POSSETING: Does your baby bring up milk after feeding?

Almost all babies posset (some more than others) during the early months. Posseting is the regurgitation of small quantities of undigested milk following each feed. Your baby’s oesophageal sphincter – the little valve between the oesophagus and stomach – is very immature after birth and although it is designed to prevent regurgitation, it usually takes time to mature a before it starts to do its job efficiently. You also are more likely to have an oversupply of milk in the first few weeks, so until this supply settles down (six weeks), most babies will posset (regurgitate) often.

Your baby’s tummy is the size of a walnut for the first few months and until this matures and can hold a larger quantity of milk, it is perfectly normal for your baby to posset after every feed. It is also common to see your baby bring up milk at other times as well, such as:

  • Each time you change his/her position.
  • When you pick him/her up.
  • When you are changing his/her nappy.
  • When settling and asleep.

You can expect posseting to peak between the age of 1-4 months and this is because from 1 month, your baby will receive bigger feeds, much bigger than he/she needs as supply and demand evens itself out. Once your supply has settled down (from three months) and your baby matures and starts solids, possetting will naturally settle down and stop.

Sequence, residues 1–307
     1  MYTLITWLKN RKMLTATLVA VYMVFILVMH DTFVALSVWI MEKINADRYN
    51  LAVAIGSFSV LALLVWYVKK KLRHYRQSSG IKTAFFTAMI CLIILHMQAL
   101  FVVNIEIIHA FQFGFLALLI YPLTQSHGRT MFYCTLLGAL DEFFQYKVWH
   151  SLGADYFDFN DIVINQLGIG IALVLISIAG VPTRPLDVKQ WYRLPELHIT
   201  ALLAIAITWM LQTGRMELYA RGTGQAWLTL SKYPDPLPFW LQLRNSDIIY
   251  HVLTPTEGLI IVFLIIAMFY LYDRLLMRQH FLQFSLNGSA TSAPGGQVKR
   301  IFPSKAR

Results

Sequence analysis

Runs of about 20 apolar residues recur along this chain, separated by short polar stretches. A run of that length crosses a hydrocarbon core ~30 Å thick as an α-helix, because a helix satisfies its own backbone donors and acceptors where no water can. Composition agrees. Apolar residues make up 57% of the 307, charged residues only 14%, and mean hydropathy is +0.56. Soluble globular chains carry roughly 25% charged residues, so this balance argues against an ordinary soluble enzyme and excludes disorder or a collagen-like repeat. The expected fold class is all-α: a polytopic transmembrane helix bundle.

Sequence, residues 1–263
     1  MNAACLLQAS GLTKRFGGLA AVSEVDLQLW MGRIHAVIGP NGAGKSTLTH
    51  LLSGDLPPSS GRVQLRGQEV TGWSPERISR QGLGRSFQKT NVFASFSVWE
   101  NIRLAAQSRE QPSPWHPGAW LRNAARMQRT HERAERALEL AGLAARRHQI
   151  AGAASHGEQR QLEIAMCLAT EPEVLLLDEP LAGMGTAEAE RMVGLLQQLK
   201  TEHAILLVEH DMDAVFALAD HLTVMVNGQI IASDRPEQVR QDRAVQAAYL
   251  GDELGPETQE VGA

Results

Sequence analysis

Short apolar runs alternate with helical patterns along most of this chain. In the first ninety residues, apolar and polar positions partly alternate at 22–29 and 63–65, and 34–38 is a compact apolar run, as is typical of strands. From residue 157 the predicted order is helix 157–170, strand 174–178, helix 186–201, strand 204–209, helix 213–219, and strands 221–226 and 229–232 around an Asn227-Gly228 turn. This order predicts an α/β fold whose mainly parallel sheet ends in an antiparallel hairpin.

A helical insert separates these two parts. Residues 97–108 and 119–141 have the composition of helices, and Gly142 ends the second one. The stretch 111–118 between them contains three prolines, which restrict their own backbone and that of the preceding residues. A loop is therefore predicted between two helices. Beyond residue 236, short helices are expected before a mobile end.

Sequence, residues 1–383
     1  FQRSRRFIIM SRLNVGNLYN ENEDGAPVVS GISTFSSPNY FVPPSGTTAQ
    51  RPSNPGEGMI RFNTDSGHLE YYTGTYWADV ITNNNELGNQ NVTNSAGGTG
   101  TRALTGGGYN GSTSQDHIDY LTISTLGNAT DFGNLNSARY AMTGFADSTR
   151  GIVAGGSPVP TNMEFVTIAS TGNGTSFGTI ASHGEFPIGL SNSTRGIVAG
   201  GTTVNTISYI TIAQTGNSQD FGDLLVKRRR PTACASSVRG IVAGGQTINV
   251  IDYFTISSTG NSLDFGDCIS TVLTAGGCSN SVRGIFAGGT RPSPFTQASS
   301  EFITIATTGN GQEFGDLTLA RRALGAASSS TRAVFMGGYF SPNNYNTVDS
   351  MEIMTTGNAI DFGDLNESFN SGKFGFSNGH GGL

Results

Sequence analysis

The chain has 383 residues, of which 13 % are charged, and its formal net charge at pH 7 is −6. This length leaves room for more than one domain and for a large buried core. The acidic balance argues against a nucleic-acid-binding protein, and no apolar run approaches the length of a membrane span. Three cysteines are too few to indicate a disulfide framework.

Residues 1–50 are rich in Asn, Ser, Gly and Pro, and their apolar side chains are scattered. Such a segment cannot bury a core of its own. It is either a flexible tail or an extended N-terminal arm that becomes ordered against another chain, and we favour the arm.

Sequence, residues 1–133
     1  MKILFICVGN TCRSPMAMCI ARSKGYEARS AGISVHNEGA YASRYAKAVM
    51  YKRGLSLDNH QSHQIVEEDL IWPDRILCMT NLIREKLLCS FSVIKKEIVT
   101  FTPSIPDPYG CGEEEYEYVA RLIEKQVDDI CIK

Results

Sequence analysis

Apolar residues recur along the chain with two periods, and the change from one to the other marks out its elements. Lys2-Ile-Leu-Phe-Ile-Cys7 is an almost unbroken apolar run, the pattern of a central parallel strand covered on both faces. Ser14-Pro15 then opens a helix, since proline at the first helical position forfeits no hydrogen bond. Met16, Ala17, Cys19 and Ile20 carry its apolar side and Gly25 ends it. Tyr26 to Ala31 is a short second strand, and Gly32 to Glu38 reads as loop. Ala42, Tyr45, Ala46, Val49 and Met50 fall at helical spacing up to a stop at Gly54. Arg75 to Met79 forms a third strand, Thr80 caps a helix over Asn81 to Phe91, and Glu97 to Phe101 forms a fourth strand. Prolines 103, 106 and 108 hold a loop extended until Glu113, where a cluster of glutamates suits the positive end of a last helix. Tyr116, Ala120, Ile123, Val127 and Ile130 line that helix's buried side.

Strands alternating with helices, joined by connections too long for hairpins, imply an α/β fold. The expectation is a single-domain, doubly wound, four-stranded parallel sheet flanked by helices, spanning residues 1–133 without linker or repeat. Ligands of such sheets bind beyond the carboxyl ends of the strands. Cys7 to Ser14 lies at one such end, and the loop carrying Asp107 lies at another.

Each baby is different and there is no guarantee when it will stop for your baby. Usually by 18 months it will have stopped completely. From four months, as the sphincter muscle matures, and as they eat more solid food and spend more time in an upright position, you can expect it to decrease greatly in most cases. Posseting causes no pain or discomfort and your baby will have no other symptoms other than effortless regurgitation of milk after feeds. Your baby should be feeding normally and gaining weight if it is expected normal posseting.
If your baby is refusing to feed or fussy when feeding, projectile vomiting, unsettled and not gaining weight, I suggest you seek medical advice. If you are concerned in any way, seek medical advice, check things out and have your fears resolved. It is always better to be safe than sorry.
Jen’s top management tips for posseting:

  • Handle your baby extra gently, especially when winding.
  • In the first 6 weeks only, express a small amount of the first breast you are offering. This will eliminate excess volume when you have an oversupply.
  • Raise the head of the cot slightly.
  • Raise your baby’s head slightly when changing his/her nappy.
  • Give smaller feeds more frequently (limit to maximum of 45 minutes).
  • Keep your baby upright after feeds for 15 minutes.
  • Start solids by 4-5 months.
  • Don’t wear your good clothes whilst feeding or for 15 minutes after the feed.
  • Avoid changing your baby’s nappy when their stomach is full.

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I offer advice and support to parents of babies aged 0 – 12 months. For more information please contact me.

Category : Advice Posted on September 20, 2010

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